A frequent justification for pursuing the death penalty is to do justice for and provide closure to the families of victims. To be sure, families’ views on the death penalty are deeply personal. But it is important to realize that to some family members, the death penalty only compounds the pain and trauma of losing a loved one.
The Voices of Family Members
My mom is in prison for murdering my grandma, but she doesn’t deserve the death penalty Fusion, September 13, 2016
This piece highlights the stress that comes with wondering if a family member will be subjected to the death penalty.
Death penalty punishes survivors like me: Column USA Today, August 28, 2016
Tanya Coke reflects on her experience after her sister’s murder and how the death penalty can deprive victims of closure.
“Darlene Farah: Prosecutors won’t budge on death penalty.” WJAX, January 21, 2016.
This article describes a mother’s efforts to convince prosecutors not to seek the death penalty against her daughter’s accused killer, in order to avoid the pain of a long judicial process.
Dawn Mancarella. “Capital Punishment a Waste of Energy and Money.” The Register Citizen, January 21, 2016.
Dawn Mancarella, whose mother was murdered 20 years ago, discusses the pain the death penalty causes families, its lack of closure, and the imbalance of resources spent on the capital cases versus victims’ services.
Christy Sheppard. “Richard Glossip case: We can’t be cavalier about the death penalty.” The Oklahoman, September 12, 2015.
Drawing on her personal experience as the man sentenced to death for her cousin’s murder was exonerated, Christy Sheppard underscores the difficulty and importance of ensuring that those sentenced to death are actually guilty.
Rita Boller & Gene Kimmi
Rita Boller and Gene Kimmi. “The Kansas Death Penalty is Broken.” Kansas City Star, May 5, 2015.
Two sisters whose mother was murdered speak out against the death penalty, citing its cost and the fact that “Too often, those who suffer the most from the current system are murder victims’ families.”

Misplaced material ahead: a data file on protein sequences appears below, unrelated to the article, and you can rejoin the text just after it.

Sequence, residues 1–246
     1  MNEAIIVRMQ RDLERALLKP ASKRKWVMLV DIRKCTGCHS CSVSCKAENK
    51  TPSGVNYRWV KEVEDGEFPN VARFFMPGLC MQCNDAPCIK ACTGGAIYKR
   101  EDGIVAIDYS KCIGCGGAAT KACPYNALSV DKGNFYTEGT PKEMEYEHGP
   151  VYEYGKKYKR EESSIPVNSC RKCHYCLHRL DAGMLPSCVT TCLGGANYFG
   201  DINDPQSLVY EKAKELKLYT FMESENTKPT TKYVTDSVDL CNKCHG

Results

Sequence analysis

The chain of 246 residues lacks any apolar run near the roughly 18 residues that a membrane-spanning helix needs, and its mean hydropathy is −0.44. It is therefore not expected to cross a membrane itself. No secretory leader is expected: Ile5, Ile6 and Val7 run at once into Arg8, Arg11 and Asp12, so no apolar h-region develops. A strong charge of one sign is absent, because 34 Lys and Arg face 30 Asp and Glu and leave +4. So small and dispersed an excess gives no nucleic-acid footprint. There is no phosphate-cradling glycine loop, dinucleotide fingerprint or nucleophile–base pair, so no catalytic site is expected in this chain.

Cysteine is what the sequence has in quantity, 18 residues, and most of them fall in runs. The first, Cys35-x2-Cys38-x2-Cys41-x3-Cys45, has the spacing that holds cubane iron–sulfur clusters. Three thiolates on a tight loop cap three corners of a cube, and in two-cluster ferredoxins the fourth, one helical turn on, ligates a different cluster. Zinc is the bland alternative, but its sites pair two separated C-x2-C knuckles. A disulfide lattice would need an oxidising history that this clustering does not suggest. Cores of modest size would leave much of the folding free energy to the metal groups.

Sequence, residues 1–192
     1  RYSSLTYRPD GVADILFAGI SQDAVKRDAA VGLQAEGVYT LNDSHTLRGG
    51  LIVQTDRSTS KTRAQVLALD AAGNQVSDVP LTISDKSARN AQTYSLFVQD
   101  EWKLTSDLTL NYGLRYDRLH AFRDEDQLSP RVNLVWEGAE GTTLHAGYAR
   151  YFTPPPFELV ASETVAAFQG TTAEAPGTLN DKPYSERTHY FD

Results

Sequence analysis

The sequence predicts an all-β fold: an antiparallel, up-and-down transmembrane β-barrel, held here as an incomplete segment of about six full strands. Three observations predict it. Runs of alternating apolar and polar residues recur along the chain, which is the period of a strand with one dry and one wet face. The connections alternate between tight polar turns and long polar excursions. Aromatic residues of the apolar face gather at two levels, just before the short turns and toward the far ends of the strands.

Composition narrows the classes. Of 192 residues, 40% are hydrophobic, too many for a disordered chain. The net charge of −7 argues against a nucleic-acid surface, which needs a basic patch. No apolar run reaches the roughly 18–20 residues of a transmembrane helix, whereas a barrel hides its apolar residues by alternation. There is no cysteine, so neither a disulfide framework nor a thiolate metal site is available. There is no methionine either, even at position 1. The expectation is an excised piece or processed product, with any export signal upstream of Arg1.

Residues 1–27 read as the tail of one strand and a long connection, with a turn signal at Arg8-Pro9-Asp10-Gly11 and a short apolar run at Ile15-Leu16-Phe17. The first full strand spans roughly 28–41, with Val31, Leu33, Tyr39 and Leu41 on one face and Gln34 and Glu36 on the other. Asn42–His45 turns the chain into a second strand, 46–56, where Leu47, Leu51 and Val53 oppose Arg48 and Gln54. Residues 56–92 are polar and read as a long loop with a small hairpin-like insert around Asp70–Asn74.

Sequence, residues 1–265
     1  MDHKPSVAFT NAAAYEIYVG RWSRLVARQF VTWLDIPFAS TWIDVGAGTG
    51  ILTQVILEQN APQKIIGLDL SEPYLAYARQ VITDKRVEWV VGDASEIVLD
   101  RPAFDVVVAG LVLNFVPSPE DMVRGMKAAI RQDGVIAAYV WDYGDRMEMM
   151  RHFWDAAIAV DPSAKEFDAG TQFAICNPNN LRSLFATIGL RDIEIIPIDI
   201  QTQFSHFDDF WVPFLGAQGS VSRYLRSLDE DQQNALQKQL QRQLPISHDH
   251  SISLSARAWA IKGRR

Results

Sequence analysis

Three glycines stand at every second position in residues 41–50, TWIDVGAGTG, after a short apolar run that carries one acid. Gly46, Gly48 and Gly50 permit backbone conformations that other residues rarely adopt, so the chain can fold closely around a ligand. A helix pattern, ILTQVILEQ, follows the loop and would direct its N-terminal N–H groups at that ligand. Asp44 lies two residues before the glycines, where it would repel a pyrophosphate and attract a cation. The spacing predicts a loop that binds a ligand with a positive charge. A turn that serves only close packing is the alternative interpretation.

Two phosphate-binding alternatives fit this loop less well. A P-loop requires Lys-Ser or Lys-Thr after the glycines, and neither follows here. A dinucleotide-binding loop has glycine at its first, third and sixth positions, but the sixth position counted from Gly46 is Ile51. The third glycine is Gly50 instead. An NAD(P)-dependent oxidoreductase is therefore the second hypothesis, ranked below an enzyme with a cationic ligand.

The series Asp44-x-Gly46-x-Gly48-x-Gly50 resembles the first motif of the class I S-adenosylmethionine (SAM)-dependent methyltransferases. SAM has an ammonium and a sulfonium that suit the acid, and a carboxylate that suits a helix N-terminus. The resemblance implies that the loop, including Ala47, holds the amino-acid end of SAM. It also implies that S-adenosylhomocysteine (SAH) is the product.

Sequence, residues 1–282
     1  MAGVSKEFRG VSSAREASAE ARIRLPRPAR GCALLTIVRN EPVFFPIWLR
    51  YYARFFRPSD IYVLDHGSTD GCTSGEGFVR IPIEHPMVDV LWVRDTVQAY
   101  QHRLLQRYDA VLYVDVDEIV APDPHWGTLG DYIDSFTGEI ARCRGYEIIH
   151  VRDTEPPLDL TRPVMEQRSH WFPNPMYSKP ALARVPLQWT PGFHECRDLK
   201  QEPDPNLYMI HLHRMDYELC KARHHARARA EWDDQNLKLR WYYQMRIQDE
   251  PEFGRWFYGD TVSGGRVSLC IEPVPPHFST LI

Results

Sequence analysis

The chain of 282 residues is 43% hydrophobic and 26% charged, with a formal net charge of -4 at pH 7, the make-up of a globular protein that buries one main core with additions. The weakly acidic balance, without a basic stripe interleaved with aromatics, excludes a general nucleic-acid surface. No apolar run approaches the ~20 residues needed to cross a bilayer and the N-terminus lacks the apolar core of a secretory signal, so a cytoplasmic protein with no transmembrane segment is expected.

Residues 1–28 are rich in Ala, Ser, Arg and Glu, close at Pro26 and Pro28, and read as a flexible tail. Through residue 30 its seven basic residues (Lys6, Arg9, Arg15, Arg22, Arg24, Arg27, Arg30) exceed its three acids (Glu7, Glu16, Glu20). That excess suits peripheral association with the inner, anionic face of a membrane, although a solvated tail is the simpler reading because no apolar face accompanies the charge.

Bill & Denise Richards
Bill and Denise Richards. “To end the anguish, drop the death penalty.” Boston Globe, April 17, 2015.
The parents of the youngest victim of the Boston Marathon bombing opposed the death penalty so that their son’s killer would be taken out of the spotlight to allow them to heal.
Karil Klingbeil. “Death Penalty – Costly for Families of Victims Too.” Seattle Times, September 4, 2011. In this column, Karil Klingbeil, whose sister was murdered 30 years ago speaks about her experience with the system and how her views shifted from supporting to opposing the death penalty.
Studies and Other Resources
Jason Marsh. “Does Death Penalty Bring Closure?” CNN.com, May 20, 2015.
This article examines whether the death penalty brings closure for families, and surveys recent studies that indicate that it does not.
Corey Burton and Richard Tewksbury. “How Families of Murder Victims Feel Following the Executions of Their Loved One’s Killer: A Content Analysis of Newspaper Reports of Executions from 2006-2011.” Journal of Qualitative Criminal Justice and Criminology 2013.
This study analyzed post-execution media statements by victims’ family members, and found that 31% expressed feeling closure, and 35% expressed a sense of justice being served.
Thomas Mowen and Ryan Schroeder. “Not In My Name: An Investigation of Victims’ Family Clemency Movements and Court Appointed Closure.” Western Criminology Review 2011.
This study surveys media coverage of executions to ascertain how often victims’ families support or oppose the death penalty. The authors conclude that families’ opposition to the death penalty has increased over the past two decades.